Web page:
"The Hebrews generally, by mixed wine, mean wine made inebriating by the adoption of higher and more powerful ingredients, such as spices, myrrh, mandragora, opiates, and other strong drugs. Such were the exhilarating or rather stupefying ingredients which Helen mixed in the bowl together with the wine for her guests, oppressed with grief, to raise their spirits, the composition of which she had learned in Egypt. Such was the spiced wine and juice of the pomegranates mentioned Cant. viii. 2. Thus the drunkard is described as one who seeks "mixed wine," and is "mighty to mingle strong drink." And hence the Psalmist took the highly poetical and sublime image of the cup of God's wrath, called by Isaiah "the cup of trembling," causing intoxication and stupefaction, containing, as St. John (Rev. xiv. 10) expresses in Greek the Hebrew idea with the utmost precision, though with a seeming contradiction in the terms, KƐKƐpаoμevov akpaтov, mixed, unmixed wine," the unmixed juice of the grape rendered stupefying by a mixture of powerful ingredients. "In the hand of Jehovah," saith the Psalmist, Psalm lxxv. 8, " there is a cup, the wine is turbid, it is full of mixed liquor, he poureth out of it. Verily, the dregs thereof, (the thickest sediment of the strong ingredients merged with it,) all the ungodly of the earth shall wring them out and drink them."-Lowth on Isaiah, p. 235.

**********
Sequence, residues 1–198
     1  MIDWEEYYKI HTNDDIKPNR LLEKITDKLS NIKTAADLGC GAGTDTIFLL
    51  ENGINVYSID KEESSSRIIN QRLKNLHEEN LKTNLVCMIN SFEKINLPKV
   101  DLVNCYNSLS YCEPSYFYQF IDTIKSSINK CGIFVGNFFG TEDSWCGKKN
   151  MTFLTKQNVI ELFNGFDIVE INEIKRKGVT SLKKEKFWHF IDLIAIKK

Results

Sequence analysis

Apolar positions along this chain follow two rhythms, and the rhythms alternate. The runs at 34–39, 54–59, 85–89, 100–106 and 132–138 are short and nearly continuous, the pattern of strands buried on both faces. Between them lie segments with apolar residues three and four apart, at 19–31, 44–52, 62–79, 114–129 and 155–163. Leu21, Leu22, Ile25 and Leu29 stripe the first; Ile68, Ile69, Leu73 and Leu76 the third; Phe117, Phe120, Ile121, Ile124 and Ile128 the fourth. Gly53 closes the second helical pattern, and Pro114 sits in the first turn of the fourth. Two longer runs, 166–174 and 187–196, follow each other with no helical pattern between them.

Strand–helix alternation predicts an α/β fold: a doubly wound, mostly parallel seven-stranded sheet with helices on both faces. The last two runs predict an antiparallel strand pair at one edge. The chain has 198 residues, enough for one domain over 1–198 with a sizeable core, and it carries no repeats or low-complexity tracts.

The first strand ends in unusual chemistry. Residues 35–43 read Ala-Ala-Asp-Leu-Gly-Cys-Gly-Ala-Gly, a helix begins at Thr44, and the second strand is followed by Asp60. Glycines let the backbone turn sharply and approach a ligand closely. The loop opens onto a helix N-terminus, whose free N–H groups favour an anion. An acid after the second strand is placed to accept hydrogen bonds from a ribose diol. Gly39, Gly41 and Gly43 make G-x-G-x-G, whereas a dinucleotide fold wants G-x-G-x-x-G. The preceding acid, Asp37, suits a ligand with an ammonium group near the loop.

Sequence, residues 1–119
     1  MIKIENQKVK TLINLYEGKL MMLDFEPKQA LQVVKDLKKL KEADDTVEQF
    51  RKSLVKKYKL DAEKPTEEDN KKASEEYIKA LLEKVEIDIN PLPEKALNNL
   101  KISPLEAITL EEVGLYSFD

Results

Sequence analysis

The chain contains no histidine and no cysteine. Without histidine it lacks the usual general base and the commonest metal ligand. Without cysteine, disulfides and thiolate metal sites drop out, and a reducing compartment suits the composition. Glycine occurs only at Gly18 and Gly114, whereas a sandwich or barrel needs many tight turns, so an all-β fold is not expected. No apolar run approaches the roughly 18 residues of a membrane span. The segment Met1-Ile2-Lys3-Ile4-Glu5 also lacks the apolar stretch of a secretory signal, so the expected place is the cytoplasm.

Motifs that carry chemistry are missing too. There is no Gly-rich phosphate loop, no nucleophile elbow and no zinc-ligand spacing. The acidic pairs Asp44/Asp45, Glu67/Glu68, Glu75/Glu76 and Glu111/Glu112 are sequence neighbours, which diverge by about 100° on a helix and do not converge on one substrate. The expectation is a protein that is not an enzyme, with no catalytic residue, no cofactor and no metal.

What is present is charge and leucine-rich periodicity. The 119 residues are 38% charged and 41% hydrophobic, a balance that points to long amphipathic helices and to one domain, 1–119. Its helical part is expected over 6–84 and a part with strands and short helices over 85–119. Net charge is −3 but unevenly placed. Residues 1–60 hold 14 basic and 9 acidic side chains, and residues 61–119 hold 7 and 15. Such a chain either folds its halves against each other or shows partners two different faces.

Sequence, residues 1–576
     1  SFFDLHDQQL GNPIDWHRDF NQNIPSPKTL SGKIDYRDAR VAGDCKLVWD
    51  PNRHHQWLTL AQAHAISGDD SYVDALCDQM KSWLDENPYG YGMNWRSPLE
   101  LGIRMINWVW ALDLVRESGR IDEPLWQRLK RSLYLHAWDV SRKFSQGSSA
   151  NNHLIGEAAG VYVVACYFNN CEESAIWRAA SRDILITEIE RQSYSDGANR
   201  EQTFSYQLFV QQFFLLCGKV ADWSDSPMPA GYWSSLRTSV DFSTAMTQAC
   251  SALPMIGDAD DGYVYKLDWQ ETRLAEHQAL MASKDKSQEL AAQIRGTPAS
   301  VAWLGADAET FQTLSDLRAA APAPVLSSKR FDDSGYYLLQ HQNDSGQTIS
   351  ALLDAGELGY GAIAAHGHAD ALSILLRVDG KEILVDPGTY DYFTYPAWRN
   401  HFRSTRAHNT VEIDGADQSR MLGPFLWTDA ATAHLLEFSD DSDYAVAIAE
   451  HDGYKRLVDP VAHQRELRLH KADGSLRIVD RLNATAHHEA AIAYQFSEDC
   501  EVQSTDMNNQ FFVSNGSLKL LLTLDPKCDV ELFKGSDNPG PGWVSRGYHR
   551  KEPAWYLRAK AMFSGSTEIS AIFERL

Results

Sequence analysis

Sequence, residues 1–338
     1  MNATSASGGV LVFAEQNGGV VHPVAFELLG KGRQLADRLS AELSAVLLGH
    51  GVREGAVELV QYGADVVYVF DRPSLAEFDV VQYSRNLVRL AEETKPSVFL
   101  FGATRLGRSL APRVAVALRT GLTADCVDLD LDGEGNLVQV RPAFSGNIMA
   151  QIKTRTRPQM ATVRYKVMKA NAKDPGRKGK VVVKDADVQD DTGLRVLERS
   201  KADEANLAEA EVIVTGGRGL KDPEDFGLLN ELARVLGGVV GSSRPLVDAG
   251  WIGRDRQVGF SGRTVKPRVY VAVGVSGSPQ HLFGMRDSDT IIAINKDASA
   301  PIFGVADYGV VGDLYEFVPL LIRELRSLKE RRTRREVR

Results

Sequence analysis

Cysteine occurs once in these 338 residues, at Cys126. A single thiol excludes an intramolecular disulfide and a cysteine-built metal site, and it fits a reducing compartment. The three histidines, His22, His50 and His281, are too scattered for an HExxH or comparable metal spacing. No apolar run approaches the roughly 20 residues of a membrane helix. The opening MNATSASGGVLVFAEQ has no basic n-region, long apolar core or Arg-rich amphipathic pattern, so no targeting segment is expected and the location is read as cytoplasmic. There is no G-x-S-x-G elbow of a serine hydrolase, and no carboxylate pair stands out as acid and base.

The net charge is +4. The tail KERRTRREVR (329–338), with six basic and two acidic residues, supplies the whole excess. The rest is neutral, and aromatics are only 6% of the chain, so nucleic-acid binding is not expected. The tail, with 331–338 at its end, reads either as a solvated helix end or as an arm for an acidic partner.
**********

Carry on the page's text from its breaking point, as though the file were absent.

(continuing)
In the ninth book of the Odyssey we have a passage equally conclusive respecting the character of these early wines. Ulysses there tells us, that he took into his boat "a goat skin of sweet black wine, a divine drink, which Maron the priest of Apollo had given him." Describing this beverage, he says that "it was sweet as honey; that it was imperishable, or would keep for ever; that when it was drunk, it was diluted with twenty parts water; and that from it a sweet and divine odor exhaled."